31 October, 2009
To the Best of Our Knowledge
11 September, 2009
“Someone Found a Letter You Drew Me, On the Radio...”
This afternoon, typography joins the ranks of the wonderfully obscure on Please Explain, my favorite segment of the Leonard Lopate Show: Steven Heller and I will be on hand to discuss, if not actually explain, typography. If you're in the New York area, join us around 1:20pm EST at WNYC-FM 93.9 or AM 820, or follow the podcast at wnyc.org. —JH
9 April, 2009
The H&FJ Institute for Unapplied Mathematics
We've received our share of intriguing questions over the years, but this one takes the cake. On Monday, a correspondent called from National Public Radio to discuss the implications of typesetting a number with twelve million digits.
The number in question is 243112609-1...Continues...
14 August, 2008
Obnoxious Character Recognition
Typeface: Mercury Display Bold Italic
At the heart of the game of cat-and-mouse played by bloggers and spammers is Captcha, purveyor of those staticky demands to enter the code exactly as shown above. Captcha is premised on the idea that brains are still better than machines at reading text, and that by forcing visitors to decipher a distorted piece of typography, the system can successfully distinguish between humans and robots. Of course, ongoing advancements in OCR technology have sparked a proportionate response in the impenetrability of Captcha, provoking an arms race whose chief casualty is the quality of life online. Next time you’re submitting to some real-world indignity — say, stripping down to your underwear at an airport security screening — try to look forward to the geniality of the virtual world, in which your own computer, from the comfort of your own home, will upbraid you for mistyping B89gqlIIl. And this after it went to all the trouble of obscuring the type using a three-dimensional distortion matrix, edge softening, gaussian interference, random occlusion, and your least favorite font. Puny human.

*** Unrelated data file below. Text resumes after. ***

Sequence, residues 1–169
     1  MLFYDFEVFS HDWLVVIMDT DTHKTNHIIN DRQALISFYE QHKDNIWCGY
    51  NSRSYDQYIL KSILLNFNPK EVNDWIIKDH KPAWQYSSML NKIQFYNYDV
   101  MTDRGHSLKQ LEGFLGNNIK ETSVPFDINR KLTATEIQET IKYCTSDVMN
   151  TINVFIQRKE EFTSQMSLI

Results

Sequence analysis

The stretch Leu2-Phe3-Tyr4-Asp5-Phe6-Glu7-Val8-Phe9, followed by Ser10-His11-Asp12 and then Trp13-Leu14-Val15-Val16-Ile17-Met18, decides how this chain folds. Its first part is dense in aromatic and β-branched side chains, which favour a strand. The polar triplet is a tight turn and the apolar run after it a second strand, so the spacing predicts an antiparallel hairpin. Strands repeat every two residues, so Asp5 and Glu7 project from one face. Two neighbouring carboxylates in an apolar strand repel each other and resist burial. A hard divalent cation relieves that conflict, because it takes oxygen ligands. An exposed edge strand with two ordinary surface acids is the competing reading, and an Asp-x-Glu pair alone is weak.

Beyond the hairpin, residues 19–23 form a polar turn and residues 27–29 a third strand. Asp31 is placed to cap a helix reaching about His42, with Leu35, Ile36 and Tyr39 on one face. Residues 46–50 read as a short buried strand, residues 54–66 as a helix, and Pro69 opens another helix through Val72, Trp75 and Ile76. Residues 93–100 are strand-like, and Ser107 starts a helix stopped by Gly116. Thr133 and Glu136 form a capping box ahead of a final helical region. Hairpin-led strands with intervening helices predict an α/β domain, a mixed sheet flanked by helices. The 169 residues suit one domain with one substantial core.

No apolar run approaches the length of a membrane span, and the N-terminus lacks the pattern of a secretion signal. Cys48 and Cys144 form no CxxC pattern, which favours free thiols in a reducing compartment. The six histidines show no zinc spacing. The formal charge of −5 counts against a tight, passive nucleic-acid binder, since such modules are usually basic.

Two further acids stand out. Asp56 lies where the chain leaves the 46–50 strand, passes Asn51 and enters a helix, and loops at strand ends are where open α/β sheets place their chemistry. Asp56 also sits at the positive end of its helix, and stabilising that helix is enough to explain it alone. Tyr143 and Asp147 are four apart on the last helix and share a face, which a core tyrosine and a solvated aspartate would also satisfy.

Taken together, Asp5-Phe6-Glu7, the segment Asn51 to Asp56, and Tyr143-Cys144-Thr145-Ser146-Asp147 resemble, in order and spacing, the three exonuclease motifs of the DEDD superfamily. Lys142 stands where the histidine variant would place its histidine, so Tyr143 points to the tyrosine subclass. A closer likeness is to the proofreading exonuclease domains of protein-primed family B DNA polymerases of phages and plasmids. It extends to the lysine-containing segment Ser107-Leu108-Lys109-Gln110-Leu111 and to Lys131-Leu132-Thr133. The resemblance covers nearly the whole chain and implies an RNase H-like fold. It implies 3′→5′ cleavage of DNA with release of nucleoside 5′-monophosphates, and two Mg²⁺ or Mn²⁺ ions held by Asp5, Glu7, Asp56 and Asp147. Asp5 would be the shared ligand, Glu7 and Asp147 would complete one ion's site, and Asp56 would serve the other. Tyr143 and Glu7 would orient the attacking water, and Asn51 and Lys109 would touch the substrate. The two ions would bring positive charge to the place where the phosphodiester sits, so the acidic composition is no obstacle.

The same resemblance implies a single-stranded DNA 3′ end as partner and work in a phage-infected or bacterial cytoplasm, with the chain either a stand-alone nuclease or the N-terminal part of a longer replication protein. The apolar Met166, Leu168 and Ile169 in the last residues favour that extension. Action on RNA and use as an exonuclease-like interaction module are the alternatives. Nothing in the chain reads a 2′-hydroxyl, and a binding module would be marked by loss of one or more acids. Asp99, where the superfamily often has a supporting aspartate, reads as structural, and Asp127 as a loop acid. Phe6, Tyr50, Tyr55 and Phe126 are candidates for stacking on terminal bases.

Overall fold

But happily — brilliantly! — Captcha’s inventor, Luis von Ahn, has inverted his own technology in the service of something grand. Von Ahn’s latest project, reCaptcha, replaces Captcha’s random gobbledygook with actual snippets of digitized books that computers have so far been unable to decipher. ReCaptcha uses each individual human intervention to improve the quality of digital literacy, a welcome relief for readers of this 1861 text that mentions modems (“modem art” is a common flub.) National Public Radio has the full story in this four-minute interview with the inventor himself. —JH